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This is a follow-up question to my previous post: Sufficient conditions to tell whether a surface contains a line

Suppose that $f(x_1, x_2)$ is an irreducible binary form with integer coefficients of the variables $x_1, x_2$ over $\mathbb{Q}$ say, and suppose that $g(x_1, x_2)$ is another binary form with integer coefficients (not necessarily the same degree as $f$) that does not have a common component as $f$. In the case I am interested in this condition is satisfied vacuously since we assume $\deg(g) < \deg(f)$. Now, can the surface $$f(x_1, x_2) = g(x_3, x_4)$$ (in weighted projective space) contain any lines?

Note: the case $f = g = x^d + y^d$ has been treated by Heath-Brown, I believe.

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Unless I am mistaken, one cannot view what you have written down ($f(x_1,x_2)=g(x_3,x_4)$) as a being a surface unless $f$ and $g$ are homogeneous of the same degree, and also in which case you need to consider the corresponding variety as being projective. –  Daniel Loughran Nov 29 '11 at 23:25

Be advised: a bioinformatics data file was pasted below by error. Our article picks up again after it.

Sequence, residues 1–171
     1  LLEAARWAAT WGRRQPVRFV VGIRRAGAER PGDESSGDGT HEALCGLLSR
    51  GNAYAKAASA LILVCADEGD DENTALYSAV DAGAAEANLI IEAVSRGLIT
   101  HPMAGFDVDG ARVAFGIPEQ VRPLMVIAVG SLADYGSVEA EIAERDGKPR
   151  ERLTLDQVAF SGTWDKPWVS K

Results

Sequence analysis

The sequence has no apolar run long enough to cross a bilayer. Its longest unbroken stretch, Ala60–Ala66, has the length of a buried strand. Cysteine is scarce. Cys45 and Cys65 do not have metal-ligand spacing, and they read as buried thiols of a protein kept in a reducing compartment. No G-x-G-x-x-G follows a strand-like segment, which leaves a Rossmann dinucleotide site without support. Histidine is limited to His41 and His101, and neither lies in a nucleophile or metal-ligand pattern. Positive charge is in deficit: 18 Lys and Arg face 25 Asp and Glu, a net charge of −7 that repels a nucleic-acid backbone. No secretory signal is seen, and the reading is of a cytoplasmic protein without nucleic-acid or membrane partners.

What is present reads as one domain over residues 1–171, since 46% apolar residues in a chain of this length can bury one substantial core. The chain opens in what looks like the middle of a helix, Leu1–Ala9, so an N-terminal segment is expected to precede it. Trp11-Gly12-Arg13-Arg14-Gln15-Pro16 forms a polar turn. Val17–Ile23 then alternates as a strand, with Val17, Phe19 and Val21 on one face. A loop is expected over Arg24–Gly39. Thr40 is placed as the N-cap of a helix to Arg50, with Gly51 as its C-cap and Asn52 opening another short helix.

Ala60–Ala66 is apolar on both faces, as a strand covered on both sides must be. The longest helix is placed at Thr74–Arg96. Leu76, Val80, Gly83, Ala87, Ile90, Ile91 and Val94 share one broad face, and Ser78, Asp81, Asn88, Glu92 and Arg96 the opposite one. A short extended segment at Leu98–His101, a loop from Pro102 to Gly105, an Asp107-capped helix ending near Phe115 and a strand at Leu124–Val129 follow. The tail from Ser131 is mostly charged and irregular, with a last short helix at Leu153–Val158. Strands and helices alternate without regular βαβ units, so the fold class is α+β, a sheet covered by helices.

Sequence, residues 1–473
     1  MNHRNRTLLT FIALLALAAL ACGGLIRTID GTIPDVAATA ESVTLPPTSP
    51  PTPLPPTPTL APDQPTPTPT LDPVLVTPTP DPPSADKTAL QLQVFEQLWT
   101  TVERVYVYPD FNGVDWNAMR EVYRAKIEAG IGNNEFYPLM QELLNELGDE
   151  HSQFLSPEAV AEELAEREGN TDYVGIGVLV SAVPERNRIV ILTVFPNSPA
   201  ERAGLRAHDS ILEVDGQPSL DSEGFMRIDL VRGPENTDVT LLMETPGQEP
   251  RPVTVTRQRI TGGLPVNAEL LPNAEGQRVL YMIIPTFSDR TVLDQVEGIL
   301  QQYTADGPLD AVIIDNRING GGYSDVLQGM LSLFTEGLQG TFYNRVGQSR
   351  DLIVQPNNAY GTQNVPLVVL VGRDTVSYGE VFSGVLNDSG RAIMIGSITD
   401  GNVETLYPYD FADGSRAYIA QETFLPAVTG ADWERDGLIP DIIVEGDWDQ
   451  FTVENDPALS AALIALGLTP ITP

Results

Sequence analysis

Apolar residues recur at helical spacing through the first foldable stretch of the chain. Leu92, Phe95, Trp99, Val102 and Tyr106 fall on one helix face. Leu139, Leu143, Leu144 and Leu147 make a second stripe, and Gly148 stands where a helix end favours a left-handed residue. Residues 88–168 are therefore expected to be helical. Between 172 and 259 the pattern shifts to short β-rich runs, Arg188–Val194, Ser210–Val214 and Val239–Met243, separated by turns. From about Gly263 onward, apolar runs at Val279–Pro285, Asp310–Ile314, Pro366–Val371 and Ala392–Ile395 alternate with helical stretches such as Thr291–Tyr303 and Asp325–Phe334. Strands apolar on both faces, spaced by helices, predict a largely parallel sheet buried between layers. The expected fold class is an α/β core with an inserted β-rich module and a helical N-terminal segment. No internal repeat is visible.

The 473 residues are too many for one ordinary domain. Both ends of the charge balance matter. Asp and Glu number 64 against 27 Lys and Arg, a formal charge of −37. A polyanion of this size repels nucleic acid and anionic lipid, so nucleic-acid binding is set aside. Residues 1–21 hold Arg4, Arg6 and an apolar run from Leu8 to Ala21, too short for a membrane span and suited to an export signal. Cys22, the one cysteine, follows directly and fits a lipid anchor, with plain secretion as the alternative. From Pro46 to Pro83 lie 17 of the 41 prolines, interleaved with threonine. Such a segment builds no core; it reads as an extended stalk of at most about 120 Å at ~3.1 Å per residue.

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You can consider it as a surface in a weighted projective space $\mathbb{P}(a,a,b,b)$ such that $a\text{deg}(f)$ equals $b\text{deg}(g)$ (and probably best to assume that $a$ and $b$ are relatively prime). –  Jason Starr Nov 30 '11 at 1:10
    
Yes; I do mean a surface in weighted projective space. –  Stanley Yao Xiao Nov 30 '11 at 14:58
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But in weighted projective space what do you mean by a line? Just a rational curve? –  Felipe Voloch Nov 30 '11 at 15:14
    
Would the existence of a rational curve in a surface imply the existence of many rational solutions? –  Stanley Yao Xiao Dec 3 '11 at 4:18
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